Re: Death of Man/Anthropology

I think that the anthropological "Man" of OT, and the "self-subjectivizing"
individual of Foucault's later works are two different creatures. The
"Man" in OT is a metaphorical figure; constructed in tension by the
human sciences as an object of knowledge and a seeker of that knowledge.
In other words, the human sciences produce "Man" as an empirically
verifiable entity, and, at the same time, the human sciences produce
an ongoing critical inquiry into the empirical conditions that justify
"Man's" existence. Hence we get the double development of "Man" as an
empirical and a transcendental entity.

For me the importance of this "doubling" effect is that positivist
and naturalist approaches share common ground with dialectical and
critical ones; thus "Man" is a strategic space of knowledge whereby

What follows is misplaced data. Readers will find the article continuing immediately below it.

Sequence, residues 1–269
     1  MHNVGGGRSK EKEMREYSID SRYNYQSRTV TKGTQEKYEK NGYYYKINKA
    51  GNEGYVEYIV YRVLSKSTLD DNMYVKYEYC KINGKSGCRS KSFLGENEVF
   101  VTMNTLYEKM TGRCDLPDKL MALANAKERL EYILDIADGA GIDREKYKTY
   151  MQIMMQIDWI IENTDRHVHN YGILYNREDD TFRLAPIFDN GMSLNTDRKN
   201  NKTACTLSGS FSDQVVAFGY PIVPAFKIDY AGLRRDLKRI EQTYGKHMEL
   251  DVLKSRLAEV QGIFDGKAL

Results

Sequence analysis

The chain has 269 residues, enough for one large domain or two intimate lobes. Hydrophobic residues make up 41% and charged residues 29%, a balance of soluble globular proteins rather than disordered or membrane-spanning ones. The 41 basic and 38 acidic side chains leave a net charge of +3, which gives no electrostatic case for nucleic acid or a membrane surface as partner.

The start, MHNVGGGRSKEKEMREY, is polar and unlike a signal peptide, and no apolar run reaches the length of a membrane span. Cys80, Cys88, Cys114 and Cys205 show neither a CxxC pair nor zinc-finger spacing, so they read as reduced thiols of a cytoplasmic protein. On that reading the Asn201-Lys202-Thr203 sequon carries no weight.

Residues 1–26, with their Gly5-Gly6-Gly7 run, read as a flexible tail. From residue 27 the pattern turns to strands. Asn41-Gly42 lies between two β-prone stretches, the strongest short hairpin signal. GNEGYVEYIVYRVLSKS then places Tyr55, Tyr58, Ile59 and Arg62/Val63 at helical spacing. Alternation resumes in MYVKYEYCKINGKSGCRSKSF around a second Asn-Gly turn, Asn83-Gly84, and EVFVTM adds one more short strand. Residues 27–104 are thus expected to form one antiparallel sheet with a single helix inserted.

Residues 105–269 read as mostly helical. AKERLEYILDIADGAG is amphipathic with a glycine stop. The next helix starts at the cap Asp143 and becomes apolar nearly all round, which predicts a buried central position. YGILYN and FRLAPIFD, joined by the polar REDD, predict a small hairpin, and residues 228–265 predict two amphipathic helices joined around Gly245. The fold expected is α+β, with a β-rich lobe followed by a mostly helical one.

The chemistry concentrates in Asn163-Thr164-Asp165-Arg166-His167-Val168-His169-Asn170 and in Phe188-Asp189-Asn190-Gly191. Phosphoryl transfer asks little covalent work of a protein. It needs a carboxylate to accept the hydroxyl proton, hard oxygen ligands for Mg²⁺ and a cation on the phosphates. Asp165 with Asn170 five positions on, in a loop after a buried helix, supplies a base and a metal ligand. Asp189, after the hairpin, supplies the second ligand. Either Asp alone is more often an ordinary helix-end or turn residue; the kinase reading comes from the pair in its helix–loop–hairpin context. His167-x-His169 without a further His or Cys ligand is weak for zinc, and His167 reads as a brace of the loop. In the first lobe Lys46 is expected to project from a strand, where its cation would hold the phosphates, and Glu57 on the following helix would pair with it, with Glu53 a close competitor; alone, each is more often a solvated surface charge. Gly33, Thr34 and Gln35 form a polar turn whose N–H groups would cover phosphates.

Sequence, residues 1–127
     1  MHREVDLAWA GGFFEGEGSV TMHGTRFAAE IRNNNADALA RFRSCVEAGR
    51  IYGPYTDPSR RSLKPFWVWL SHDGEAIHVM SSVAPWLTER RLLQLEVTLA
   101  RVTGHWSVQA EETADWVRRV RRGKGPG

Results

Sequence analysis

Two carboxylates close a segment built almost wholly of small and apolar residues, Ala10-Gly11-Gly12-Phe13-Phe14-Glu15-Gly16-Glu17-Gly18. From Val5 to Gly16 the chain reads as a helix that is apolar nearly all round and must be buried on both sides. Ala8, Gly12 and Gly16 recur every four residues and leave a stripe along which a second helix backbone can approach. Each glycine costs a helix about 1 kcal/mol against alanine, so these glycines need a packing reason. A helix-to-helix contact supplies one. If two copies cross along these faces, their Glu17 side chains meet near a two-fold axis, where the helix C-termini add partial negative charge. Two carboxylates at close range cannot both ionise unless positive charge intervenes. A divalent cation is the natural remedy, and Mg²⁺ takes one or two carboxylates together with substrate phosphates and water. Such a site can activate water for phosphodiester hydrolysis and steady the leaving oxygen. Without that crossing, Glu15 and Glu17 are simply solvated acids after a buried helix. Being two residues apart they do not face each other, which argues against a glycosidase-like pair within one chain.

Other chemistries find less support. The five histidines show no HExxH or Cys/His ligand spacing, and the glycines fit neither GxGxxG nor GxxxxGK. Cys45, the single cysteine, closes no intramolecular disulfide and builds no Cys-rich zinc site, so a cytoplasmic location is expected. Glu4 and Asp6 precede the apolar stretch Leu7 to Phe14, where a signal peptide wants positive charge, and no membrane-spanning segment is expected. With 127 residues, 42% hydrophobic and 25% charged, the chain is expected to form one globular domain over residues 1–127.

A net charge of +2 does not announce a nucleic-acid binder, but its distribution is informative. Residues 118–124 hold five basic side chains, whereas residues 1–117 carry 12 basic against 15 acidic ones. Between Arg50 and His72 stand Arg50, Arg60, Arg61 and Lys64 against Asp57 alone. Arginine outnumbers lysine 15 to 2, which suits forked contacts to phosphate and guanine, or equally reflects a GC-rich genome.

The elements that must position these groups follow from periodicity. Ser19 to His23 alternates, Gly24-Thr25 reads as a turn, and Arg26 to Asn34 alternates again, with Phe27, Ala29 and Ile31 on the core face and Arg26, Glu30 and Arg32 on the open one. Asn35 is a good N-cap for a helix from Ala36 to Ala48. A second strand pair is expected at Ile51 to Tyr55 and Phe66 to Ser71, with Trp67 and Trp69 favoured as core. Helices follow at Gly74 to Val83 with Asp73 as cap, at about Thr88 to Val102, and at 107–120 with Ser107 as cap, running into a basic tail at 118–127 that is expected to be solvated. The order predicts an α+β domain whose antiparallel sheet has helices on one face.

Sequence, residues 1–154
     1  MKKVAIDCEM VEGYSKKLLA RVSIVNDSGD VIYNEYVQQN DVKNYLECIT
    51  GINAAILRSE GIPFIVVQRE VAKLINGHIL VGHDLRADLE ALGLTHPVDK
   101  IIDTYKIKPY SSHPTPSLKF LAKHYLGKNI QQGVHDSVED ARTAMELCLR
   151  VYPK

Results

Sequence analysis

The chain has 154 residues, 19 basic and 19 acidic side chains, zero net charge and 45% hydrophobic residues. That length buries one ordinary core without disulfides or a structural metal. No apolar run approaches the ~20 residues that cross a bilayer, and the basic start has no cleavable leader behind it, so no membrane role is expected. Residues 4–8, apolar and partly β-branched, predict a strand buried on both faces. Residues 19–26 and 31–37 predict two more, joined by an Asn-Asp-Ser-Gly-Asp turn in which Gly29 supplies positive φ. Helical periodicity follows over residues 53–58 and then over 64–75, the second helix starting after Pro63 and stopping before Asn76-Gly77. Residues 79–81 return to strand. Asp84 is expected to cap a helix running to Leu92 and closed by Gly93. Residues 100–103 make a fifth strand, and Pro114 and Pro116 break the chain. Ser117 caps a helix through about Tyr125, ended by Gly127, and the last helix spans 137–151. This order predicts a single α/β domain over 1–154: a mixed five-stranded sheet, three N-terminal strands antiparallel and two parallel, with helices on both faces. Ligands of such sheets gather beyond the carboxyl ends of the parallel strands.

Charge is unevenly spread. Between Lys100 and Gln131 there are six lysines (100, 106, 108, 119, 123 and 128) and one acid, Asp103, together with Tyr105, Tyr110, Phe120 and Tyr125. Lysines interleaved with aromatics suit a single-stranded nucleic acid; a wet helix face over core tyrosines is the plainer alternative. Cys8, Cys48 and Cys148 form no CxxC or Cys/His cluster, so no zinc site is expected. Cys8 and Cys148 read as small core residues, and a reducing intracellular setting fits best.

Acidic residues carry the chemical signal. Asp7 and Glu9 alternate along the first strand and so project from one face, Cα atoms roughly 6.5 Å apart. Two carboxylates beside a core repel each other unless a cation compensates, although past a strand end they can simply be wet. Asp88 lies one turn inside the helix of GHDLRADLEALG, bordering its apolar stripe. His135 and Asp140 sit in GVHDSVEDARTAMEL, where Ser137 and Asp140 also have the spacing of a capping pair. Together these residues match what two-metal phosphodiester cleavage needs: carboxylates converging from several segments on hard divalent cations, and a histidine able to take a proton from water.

a number of discourses intersect and produce an unstable affinity
that becomes the overarching episteme of "Man." Is "Man" male?
I would say yes, as does R. Braidotti's important critique where
she insightfully says, "could it be that Man, in his historical
exhaustion, is
female companion as she becomes emancipated. Will this new Woman
be Man's future?" (_Patterns of Dissonance_, p.10). What a great

In any case, Foucault's development of the figure of Man is a figure
of knowledge, discourse, and human science passion; his configurations
of selfhood, on the other hand, have more to do with the ways in which
power and ethical relations become enfolded into a person's concept of
themself. I know this is a simplification, but I'm not convinced that
"anthropology" is the bridge that connects OT and later work, or that
for Foucault, there is any evolution of "Man" beyond OT.

Stephen Katz,
Trent University.


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